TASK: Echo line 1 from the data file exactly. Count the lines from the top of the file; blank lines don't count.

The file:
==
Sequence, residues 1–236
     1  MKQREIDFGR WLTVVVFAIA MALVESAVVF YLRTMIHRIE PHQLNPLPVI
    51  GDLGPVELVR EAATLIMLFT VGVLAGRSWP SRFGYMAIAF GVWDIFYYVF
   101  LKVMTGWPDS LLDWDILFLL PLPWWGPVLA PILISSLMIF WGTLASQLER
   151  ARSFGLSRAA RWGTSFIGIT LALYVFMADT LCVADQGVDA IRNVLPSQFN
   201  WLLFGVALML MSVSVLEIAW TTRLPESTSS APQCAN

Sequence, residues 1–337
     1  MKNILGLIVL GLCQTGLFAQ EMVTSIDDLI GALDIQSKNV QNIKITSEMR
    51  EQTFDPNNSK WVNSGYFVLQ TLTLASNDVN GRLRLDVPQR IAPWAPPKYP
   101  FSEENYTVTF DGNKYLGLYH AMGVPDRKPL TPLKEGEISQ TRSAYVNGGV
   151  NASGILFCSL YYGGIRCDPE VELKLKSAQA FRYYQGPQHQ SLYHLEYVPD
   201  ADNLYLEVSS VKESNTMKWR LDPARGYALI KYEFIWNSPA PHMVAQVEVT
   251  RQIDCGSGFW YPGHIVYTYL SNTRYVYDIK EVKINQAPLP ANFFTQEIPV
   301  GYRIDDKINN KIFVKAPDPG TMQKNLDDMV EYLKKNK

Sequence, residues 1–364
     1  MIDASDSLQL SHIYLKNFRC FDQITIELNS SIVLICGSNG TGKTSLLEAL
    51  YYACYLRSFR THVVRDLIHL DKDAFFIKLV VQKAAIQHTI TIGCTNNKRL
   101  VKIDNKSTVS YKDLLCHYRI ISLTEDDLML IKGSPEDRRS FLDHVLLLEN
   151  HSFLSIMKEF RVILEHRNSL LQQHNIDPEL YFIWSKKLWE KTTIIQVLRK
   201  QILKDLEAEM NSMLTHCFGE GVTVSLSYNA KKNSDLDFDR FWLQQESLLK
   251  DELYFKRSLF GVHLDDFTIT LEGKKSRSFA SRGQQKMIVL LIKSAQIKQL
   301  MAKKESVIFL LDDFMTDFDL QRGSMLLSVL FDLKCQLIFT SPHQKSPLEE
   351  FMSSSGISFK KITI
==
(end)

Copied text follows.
Sequence, residues 1–236